Her small act of kindness spread like wildfire across the Facebook community and soon other group members were following suit. In fact, the group has contributed home and personal items to victims of a fire, made valentines for a nursing home, tracked down owners of missing blankets and toys left at local parks, donated to food pantries and women’s shelters, raised money for cancer victims, and donated breast milk to a mom with cancer.

No act of kindness is too big or too small for KidsCycle: NS. One little boy needed stitches on his finger and the next day, his mother found a bag of toys for him, beers for her, and a bag full of First-Aid goodies like Neosporin and band-aids on their front porch all courtesy of KidsCycle. People even post notes of gratitude and thanks to their babysitters or offer sage advice on things like how to make laundry easier.

Kristin’s Story (Families Caring For Families)

There are over 6,000 people in this community, but it feels like we all know one another personally. Members will share vulnerabilities as parents such as kid’s behavior and health problems, feeling overwhelmed, financial struggles, etc. and the community responds with nothing but support and love. The community is extremely trusting of each other. Mothers I’ve never met in real life have lent me baby items, shared advice, and wished me luck in my pregnancy. It’s amazing to see what people share with others — whether its kids’ items they no longer use, spa days, coffee shop gift cards, etc. All is given away simply as a random act of kindness for other mothers who need a lift.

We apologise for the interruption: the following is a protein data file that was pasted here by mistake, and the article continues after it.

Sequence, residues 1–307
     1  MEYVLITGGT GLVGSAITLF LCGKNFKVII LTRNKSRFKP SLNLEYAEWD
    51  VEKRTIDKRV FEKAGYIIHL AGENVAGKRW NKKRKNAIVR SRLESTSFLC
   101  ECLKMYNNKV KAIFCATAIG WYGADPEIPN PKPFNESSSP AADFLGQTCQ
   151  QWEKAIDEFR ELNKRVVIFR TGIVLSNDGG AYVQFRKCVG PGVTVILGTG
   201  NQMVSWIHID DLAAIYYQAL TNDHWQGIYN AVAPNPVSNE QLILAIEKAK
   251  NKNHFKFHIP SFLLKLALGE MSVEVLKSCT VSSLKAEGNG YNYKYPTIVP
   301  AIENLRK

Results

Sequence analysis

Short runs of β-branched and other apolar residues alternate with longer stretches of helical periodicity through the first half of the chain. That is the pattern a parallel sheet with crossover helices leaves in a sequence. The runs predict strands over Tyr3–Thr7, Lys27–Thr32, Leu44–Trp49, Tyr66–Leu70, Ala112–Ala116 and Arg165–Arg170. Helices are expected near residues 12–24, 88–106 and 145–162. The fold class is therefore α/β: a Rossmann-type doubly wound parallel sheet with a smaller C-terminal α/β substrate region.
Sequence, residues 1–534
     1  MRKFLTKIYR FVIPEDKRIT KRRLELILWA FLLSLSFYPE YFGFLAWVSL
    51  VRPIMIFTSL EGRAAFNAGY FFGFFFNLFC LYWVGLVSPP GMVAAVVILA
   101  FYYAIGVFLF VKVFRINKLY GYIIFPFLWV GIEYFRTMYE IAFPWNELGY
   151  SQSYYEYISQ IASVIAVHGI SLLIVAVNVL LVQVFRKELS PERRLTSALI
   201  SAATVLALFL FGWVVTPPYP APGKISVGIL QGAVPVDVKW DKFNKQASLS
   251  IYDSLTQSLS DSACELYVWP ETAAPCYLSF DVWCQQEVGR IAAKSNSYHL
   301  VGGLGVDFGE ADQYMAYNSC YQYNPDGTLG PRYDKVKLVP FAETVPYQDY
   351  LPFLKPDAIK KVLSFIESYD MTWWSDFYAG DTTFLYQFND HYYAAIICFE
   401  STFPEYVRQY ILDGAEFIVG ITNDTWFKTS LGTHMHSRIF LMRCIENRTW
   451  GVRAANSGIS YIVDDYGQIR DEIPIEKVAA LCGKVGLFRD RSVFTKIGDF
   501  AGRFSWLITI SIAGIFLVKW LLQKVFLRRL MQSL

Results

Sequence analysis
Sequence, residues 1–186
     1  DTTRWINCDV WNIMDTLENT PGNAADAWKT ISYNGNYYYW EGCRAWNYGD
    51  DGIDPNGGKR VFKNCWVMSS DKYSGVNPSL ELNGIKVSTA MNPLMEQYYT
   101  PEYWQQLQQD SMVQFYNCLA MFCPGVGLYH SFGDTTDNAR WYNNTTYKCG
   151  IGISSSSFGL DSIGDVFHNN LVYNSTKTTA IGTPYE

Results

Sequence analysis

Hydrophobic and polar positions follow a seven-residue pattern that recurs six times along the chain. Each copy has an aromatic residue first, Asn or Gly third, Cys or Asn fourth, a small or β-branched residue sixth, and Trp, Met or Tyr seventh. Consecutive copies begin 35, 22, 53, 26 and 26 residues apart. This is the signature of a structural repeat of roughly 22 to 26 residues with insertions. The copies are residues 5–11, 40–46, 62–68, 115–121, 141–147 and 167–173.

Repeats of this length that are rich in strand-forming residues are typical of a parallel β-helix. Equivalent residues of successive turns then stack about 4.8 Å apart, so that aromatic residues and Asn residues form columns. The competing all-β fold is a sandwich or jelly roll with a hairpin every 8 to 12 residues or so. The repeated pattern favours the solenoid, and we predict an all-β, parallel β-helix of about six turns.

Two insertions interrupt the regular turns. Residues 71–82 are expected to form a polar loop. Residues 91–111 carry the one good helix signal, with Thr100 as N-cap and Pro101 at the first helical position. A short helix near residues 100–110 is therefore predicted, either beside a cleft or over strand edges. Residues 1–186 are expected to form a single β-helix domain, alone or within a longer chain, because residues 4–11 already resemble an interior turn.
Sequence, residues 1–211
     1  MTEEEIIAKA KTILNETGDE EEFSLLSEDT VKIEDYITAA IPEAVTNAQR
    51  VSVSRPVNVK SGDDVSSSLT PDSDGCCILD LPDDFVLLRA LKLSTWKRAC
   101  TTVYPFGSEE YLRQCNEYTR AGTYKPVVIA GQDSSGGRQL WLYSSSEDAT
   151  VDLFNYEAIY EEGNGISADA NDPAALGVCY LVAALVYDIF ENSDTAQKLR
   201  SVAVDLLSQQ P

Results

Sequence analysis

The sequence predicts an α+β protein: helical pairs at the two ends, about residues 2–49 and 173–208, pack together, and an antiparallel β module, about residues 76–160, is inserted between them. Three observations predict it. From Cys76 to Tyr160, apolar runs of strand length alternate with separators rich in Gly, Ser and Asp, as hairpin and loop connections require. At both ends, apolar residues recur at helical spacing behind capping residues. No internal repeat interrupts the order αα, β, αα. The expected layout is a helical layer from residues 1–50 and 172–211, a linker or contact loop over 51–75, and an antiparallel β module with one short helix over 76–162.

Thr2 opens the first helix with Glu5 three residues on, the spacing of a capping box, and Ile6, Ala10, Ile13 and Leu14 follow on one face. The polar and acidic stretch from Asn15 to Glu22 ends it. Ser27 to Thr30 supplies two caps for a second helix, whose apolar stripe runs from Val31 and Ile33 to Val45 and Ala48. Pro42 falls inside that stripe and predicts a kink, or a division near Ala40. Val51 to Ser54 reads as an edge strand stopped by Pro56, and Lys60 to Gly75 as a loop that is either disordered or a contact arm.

Love + Lift is the KidsCycle motto to inspire members to love one another and help those in need. (Credit: Kristin Belkofer)

Recently, a member posted that a family within the community had just received the devastating news that their young son was diagnosed with leukemia. The family mentioned that they needed a new bed because the young boy would no longer be able to share a room with his siblings due to compromised immunity. Within an hour, the page was filled with hundreds of comments from members donating beds, bedding, clothes, money for medical bills, etc. The family was overwhelmed with gratitude.

Similarly, a member recently posted about their friends, a gay couple, who were adopting a baby of another friend who could no longer care for the child. Since the couple did not plan for this, they had no items ready for the baby. Once again, the community rallied with donations and words of encouragement and support.

Since the concept of “Love + Lift” is so wildly popular, Annie has worked to create a nonprofit 501c3 status for the group in order to raise money for families in need around the area.

Katherine’s Story (KidsCycle: The Muse of Kindness)

Love + Lift is more than just a motto; it’s a lifestyle. Annie Monahan is my sister and the founder of KidsCycle:NS. Nearly three years ago, she gave birth to her fifth child, Charlie, who was premature and required hospitalization for a month. During this time, she was nervous and needed something to distract her from the realization the she didn’t have her baby safe at home. As an avid E-bay buyer, she grew tired of the shipping fees and negativity regarding its users, so she started KidsCycle, a local buy, sell, trade Facebook website. But true to herself, she had her own twist — don’t just sell stuff but acquaint yourself with the person your selling to and make meaningful connections with those around you. Thus, a community was born. She would post monthly challenges such as sharing a difficult time, a funny story, or saying something beautiful to someone.